|Date and Time||2017-03-06 16:30 - 17:30|
|Venue||Seminar Room A7F|
|Affiliation||Instituto de Neurociencias CSIC-UMH, Spain|
|Title||Epithelial plasticity in health and disease|
|Poster||click here to download(PDF)|
|Summary||The reactivation of developmental EMT-like programs in adult cells leads to several pathologies including tumor progression and organ degeneration. While the epithelial and mesenchymal cells are usually considered as extreme phenotypes, partial EMT states also exist. Under those circumstances cells depict an intermediate phenotype -expressing both epithelial and mesenchymal markers- from which they can reverse to a more epithelial state or move towards a more mesenchymal phenotype. Hybrid transitory states can favor coordinated cell migration or wound healing and it can also enable the formation of clusters of migratory cancer cells with increased tumor initiating potential. In contrast to the hybrid transitory state, there are particular contexts in which a partial EMT phenotype can be defined as a final state, as we have recently shown to occur during renal fibrosis. In addition, as EMT can be induced by different factors, there are different EMT types which endow cells with different phenotypes. I will present data to indicate that a gene regulatory network operates to govern the EMT-type, and how this can affect organ regeneration and metastatic colonization.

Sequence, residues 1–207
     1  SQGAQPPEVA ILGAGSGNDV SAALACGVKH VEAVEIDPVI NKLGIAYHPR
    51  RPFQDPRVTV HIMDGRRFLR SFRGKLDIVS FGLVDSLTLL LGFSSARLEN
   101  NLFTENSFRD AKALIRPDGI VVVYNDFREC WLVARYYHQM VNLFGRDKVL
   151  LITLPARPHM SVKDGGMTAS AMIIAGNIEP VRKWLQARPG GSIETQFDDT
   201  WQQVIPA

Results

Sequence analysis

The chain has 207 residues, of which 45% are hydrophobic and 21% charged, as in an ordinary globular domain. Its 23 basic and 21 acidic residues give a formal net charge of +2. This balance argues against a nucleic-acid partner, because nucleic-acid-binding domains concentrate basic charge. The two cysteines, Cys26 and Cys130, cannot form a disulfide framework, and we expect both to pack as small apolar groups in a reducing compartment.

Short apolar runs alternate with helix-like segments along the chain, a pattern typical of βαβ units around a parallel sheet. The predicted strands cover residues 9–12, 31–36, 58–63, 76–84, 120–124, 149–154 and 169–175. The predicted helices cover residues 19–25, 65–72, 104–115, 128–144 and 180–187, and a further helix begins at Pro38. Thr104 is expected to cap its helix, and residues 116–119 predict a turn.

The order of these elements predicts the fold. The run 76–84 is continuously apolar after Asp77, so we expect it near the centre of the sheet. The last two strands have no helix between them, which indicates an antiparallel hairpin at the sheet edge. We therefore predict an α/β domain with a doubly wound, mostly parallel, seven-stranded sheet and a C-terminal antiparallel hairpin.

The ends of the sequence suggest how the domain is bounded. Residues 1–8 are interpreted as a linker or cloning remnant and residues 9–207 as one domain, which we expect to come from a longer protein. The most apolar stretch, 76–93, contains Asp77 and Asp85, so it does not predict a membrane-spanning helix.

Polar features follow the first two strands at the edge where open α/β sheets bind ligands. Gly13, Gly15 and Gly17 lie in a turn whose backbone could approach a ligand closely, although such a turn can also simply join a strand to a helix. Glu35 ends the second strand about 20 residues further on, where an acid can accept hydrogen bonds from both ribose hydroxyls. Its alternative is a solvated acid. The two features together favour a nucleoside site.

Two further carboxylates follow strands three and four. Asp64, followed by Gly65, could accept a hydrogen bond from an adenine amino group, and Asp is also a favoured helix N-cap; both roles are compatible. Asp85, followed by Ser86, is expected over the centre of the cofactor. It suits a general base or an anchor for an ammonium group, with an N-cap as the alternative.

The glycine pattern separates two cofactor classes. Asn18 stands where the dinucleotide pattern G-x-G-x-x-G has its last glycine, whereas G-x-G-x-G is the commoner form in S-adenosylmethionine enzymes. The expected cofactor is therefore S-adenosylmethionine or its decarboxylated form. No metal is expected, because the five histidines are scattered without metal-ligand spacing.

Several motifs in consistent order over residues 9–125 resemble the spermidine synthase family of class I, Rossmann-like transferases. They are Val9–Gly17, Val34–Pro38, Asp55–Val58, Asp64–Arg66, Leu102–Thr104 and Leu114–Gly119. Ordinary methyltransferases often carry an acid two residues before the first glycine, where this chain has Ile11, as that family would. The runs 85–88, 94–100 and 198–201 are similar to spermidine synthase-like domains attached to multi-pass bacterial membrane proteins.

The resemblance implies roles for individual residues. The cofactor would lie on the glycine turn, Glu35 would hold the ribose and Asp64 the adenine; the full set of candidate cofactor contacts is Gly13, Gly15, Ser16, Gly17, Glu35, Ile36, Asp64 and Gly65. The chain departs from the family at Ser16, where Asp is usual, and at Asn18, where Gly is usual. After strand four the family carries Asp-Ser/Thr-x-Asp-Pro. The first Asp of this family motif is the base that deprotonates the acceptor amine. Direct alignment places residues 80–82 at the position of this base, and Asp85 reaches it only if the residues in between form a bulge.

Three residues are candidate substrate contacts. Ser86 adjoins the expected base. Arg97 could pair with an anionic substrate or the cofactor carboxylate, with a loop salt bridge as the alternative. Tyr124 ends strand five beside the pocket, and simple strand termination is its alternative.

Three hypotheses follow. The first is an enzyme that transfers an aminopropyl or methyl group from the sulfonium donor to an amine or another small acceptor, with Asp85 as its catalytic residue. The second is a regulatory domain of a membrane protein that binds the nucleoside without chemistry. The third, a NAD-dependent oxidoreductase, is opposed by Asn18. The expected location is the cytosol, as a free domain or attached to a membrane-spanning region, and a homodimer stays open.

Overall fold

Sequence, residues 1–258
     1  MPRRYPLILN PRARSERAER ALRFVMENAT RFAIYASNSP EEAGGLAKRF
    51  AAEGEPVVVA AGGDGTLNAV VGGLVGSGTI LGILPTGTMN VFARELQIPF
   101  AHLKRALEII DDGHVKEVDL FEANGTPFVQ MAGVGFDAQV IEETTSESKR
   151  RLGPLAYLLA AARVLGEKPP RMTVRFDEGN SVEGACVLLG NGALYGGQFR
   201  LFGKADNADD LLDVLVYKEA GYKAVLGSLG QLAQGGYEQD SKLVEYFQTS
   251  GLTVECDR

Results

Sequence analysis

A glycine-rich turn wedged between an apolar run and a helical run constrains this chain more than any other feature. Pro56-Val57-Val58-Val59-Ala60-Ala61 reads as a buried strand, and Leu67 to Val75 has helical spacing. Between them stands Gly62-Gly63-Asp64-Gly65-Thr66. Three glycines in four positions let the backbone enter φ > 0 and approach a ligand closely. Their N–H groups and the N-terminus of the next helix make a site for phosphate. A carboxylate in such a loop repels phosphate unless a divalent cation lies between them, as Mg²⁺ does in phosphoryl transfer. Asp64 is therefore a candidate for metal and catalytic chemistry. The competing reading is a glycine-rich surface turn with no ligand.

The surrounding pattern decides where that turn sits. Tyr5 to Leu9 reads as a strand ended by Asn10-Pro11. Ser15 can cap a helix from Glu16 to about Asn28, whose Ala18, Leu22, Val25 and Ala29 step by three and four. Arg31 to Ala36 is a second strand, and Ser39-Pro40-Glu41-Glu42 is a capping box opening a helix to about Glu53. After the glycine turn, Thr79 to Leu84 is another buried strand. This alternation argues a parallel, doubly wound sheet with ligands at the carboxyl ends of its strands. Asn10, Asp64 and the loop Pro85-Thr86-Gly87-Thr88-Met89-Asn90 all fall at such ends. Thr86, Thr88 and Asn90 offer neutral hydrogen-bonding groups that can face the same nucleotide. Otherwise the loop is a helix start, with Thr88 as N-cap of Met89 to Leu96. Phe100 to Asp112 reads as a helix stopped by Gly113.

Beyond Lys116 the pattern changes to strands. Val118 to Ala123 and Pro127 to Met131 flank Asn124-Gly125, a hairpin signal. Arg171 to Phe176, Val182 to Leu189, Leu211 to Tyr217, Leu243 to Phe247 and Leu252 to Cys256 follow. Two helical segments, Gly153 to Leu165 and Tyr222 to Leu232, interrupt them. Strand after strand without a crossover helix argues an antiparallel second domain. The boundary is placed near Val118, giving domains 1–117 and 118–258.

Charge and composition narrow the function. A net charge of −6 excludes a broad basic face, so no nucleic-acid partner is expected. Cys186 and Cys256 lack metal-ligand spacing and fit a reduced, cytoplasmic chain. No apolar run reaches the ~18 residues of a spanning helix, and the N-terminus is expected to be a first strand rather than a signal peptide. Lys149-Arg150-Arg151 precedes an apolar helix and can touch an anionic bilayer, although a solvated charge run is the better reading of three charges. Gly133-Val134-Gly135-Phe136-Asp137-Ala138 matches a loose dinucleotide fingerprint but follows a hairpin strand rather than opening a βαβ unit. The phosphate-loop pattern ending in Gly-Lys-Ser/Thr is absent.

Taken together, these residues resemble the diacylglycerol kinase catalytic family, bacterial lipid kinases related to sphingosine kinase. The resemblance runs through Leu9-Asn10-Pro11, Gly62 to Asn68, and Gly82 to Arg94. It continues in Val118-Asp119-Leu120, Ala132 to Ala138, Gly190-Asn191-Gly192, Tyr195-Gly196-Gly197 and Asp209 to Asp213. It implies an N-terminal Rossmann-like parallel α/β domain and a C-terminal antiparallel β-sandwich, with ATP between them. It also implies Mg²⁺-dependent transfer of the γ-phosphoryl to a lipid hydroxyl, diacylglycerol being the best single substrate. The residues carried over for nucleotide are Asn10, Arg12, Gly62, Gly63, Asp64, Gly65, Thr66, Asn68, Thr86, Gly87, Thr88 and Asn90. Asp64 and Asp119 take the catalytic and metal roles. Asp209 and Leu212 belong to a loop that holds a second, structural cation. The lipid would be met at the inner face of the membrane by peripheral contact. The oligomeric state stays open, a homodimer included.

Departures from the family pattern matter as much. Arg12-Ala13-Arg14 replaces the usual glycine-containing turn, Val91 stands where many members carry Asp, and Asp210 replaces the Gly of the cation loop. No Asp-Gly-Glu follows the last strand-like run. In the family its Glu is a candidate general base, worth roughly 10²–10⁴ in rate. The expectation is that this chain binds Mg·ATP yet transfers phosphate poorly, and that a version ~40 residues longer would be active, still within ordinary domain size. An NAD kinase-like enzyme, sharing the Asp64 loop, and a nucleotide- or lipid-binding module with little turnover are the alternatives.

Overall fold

Key words: EMT, cell plasticity, organ degeneration, metastatic colonization